Station Yourself Carefully

by Kenneth B. Lourie


Iím sure itís not my imagination, although I did attend college in the early 70s, but it sure seems to me that, despite the relatively modest price for gasoline - $1.35 for self-serve, regular - the actual stopping and pumping is a more arduous and dangerous process then it ever was during the gas lines, odd/even energy crisis. At least then there was order. Now, itís chaos.

You have multiple gas-hungry vehicles entering gas stations from multiple driveways angling for multiple pumps (Iíve seen as many as 24) dispensing fuel from multiple islands, with only one employee with one cash register (also selling cigarettes, candy, lottery tickets, sundries, etc.), handling multiple customers, with their multiple demands and needs, some of whom are paying with cash while others are paying with a credit or debit card.

Complicating the process even more is the automobile-design fact that the gas caps are not on the same side for every vehicle. Most are on the left or the right side, with perhaps a few still located behind the license plate in the rear. And typically, most drivers want to line their fuel tank/gas cap with a pump on the same side so theyíre not having to stretch the hose across the trunk (hood) and then awkwardly angle the nozzle into their vehicleís fuel tank.

Therefore, vehicles entering from the left that have their gas caps on the left are wanting to line up on the same side of the gas stationís pumps as the vehicles that are entering from the right that have their gas caps on the right. And the vehicles entering from the left who have their gas caps on the right are wanting to line up on the same side as the gas stationís pumps as the vehicles entering from the right that have their gas caps on the left.

The effect is that you have cars lined up backward and forward, nose to nose, rear to rear, all over the station, while other vehicles are entering and exiting at crazy angles, with still more vehicles circling the pumps - like birds of prey - scouting for an available pump and on finding one, anywhere on the premises, sometimes even turning a backward 180 in order to fill the open slot.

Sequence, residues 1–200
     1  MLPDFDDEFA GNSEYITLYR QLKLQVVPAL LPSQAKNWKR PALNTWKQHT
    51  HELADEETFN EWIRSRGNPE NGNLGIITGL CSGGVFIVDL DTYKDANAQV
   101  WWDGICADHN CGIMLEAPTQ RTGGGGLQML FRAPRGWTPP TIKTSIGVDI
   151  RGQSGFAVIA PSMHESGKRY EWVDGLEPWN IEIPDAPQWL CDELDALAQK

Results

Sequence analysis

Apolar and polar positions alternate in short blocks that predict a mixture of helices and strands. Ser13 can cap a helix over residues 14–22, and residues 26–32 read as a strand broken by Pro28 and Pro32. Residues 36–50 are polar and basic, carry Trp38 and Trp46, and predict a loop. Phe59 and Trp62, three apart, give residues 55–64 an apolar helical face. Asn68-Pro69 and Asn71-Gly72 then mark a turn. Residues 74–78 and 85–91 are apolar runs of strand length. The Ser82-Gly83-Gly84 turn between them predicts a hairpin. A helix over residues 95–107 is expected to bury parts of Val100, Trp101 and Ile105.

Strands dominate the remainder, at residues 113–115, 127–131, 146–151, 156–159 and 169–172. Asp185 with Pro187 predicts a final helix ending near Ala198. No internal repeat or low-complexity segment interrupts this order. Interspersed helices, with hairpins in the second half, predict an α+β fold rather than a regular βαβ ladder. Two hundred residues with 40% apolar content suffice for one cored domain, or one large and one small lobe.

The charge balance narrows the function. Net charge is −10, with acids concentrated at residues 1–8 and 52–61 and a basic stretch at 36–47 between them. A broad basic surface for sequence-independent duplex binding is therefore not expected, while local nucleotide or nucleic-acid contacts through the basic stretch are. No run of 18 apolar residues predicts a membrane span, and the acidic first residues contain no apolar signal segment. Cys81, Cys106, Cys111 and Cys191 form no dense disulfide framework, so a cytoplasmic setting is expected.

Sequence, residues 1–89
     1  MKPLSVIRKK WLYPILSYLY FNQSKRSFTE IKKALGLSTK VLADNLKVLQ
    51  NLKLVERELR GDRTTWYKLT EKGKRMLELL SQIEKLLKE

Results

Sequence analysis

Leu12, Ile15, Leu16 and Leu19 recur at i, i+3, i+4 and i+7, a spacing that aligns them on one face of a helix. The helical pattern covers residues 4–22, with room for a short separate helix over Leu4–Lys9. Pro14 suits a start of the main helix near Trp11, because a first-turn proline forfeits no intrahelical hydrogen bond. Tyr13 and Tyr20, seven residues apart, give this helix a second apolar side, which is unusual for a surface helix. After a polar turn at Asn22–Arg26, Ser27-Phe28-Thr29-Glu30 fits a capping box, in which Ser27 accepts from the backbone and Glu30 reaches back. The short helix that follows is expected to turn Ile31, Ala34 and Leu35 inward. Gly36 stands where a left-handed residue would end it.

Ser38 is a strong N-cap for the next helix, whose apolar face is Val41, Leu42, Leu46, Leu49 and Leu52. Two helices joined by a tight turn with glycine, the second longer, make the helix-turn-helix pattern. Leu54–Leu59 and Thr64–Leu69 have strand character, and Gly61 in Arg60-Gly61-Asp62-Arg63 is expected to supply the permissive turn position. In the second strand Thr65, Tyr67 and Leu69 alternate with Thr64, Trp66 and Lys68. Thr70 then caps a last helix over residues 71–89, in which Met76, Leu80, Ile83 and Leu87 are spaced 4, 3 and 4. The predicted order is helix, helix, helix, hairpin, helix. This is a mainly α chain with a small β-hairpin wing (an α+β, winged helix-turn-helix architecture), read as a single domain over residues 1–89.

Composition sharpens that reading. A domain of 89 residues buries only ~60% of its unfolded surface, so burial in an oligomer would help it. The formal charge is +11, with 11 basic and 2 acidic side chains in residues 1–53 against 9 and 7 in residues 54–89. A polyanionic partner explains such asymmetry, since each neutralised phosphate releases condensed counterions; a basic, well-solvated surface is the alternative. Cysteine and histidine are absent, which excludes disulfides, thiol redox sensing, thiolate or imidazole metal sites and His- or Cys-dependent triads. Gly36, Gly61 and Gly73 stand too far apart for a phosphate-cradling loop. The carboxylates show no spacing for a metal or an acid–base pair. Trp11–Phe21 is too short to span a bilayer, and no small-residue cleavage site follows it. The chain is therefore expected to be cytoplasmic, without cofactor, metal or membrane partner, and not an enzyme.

All this activity occurring while people (pumpers) are walking to and from the cashier, and back and forth from the pumps to their vehicles. And God help all of us self-servers if thereís inclement weather or, worse, a need to top off our fuel tanks because of a predicted two-inch snowstorm. Then the fun really begins.

There really is a need for crosswalks, pedestrian bridges or directional arrows to manage all this movement, especially when you consider the underlying impatient fact - itís every man for himself, and women and children are not first. Itís not exactly the Titanic, although there is likely to be death and disaster. It occurs every day, everywhere, every time anyone gases up. People and their vehicles are scurrying around trying to get in and get out with minimal guidance and maximum self-interest. Throw in the principle of decency (i.e. who was in line or in queue before whom, regardless of station entry point or pump angle) and youíll have still worse behavior, and we donít even have an energy crisis.

But I think we do have a crisis, of sort. A crisis of caring and consideration - and safety. I know there are warning signs posted at gas stations about topping off, smoking, leaving the vehicleís engine running, using a battery-operated device and so forth, but there needs to be some mention about access and egress. Otherwise thereíll be a new expression for mass confusion: Itís like a gas station out there.

Lourie is a regionally syndicated columnist who resides in Burtonsville, MD.